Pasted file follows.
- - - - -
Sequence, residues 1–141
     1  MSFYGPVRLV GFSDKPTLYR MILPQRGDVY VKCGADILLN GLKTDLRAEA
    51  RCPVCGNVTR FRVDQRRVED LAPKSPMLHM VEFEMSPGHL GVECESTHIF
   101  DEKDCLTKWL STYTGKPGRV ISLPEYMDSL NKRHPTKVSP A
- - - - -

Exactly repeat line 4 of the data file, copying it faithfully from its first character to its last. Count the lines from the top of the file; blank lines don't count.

   101  DEKDCLTKWL STYTGKPGRV ISLPEYMDSL NKRHPTKVSP A